A very interesting prequel to The Many Lives of Ruby Iyer - a peek into Ruby's formative years - why she turned out the way she did. More insight intoA very interesting prequel to The Many Lives of Ruby Iyer - a peek into Ruby's formative years - why she turned out the way she did. More insight into how her mother's personality shapes her own. A distinctive - exciting voice.
The eye for visual detail brought me right into the different settings in Bombay. Born in England, I've always been fascinated by Indian culture fromThe eye for visual detail brought me right into the different settings in Bombay. Born in England, I've always been fascinated by Indian culture from a distance, and now there was the luxury of being immersed in the landscape; not even from the point of view that a tourist might see but because depicted across the social scale down to the raw and true of the seedier side which any large city may harbour but which Bombay hasin their own right.
Against this setting, Ruby and Pankaj emerge as very three-dimensional, plausible and, above all, accessible characters. Between them there is a lively cut and thrust which I thought skipped off the page in dialogue so that this was the way two people from their background, their setting, age and individual personalities would in reality speak. Their friendly exchange of good-natured taunts rarely offend or alienate because of a deeper and deepening mutual understanding as the story progresses.
The tough side of survival for any outside the more privileged/connected in Bombay came home more vividly to me than any text book could portray - again, because of Hariharan's distinct ability to home in on just the most salient detail. I thought this was true whether the author is describing a landlord, a beggar, even as she most quaintly puts it " a double-door-refrigerator sized saree clad aunty" and then the man with wandering hand as it "invades" the privacy of Ruby's thigh while she is effectively captive on her train journey.
Even so, this incident creates another tension, testing the bond between flat mates, Ruby and Pankaj. Then when Ruby meets the mysterious cop Vikram - through subtly nuanced allusions in the dialogue between them, the stage is masterfully set for a convincing story to develop into another test for both of them - the question of whether that bond will see them through the threats posed by Dr Kamini Braganza's teen army.
"This is Java... where she can shut down the chatter in her mind...and in that stillness, touch that place deep inside her which is silent..." I felt t"This is Java... where she can shut down the chatter in her mind...and in that stillness, touch that place deep inside her which is silent..." I felt the author was achieving inner stillness in her sharp and sensuous opening description of the lush setting and, already, knew I was in the hands of a writer with whose sensibility I wanted to abide throughout the book - particularly when coupled with the intriguing plot. In the opening dialogue, brisk and pacey, I liked the idea that Tiina could be 'half' human, which set my mind in a turmoil of imagining as to what form and function the other half could assume. Now beyond middle age, I'm not sure that I would have relished giving Tiina a kiss... perhaps 30 years ago I could have taken - like Yudi - being launched into the air to fall painfully on my coccyx for the privilege, but now, despite her evident charms, I'd think I'd find more pleasure in a cup of Darjeeling. Her comment, 'Now we are over the initial pleasantries' made me smile and returns me to my first comment that something in the style, the voice, made me want to abide with Laxmi Hariharan's story....more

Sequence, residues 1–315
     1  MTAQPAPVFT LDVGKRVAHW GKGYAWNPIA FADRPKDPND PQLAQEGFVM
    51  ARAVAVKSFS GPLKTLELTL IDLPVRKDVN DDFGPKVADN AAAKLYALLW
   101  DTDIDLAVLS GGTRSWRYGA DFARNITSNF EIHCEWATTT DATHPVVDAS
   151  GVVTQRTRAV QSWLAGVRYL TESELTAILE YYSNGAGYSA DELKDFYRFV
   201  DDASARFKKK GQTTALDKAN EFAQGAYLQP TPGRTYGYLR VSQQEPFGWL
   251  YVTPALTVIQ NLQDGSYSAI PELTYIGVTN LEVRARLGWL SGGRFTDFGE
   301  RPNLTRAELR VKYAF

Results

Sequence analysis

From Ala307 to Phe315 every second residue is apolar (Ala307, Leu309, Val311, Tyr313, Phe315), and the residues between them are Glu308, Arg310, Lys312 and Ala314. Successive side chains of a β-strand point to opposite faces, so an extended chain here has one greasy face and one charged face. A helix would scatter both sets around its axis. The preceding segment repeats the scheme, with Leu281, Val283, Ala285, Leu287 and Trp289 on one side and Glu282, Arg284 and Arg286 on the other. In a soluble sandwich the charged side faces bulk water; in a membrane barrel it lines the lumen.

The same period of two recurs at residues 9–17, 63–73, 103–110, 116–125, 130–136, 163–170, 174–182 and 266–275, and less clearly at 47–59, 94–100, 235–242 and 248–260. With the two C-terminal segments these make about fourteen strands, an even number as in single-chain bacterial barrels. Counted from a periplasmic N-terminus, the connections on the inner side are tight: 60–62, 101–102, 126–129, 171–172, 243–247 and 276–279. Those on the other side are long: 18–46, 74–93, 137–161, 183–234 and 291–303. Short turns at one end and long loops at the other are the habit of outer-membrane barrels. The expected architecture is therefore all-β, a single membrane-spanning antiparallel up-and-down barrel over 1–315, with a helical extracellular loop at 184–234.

Frank, unpretentious, lucid, with the feel almost of a diary yet so carried forward by the fluid style that it reads at a pace. The early pages encapsFrank, unpretentious, lucid, with the feel almost of a diary yet so carried forward by the fluid style that it reads at a pace. The early pages encapsulate so much of the back story without needing to linger or digress at the expense of the narrative so that I felt immediately involved and on board with the candid first person style.
The facts need no dressing as we witness the emotional distance between the narrator, Bridie, who has lost her real father to be adopted by the good "Dad Joe" as she affectionately calls her foster father, but who also passes into the hands of Joe's resentful and jealous wife, Millie, named with something far affection as "Mean" Millie. Millie is consumed with jealousy because Bridie's love for her adoptive 'Dad', the angst clear from Millie's nickname for the child in her care "Little Miss Nobody". Bridie's feeling of being unwanted is intensified when Mean Millie's son, Andy, not only bullies Bridie but seems almost to get his mother's approval in doing so.
We have to remember that this is not just domestic discord, for Bridie has early lost both her mother and her father while the world in which she might have found sanctuary is, with the exception of Dad Joe, a cauldron of jealousy, resentment and rejection - "Thank God, you're not mine... I'd be ashamed to claim you," Mean Millie reminds the hapless child. The effect on Bridie is simply - yet quite beautifully - expressed when we view her, alone with Dad Joe after he has returned from sea and they go down to the seashore together.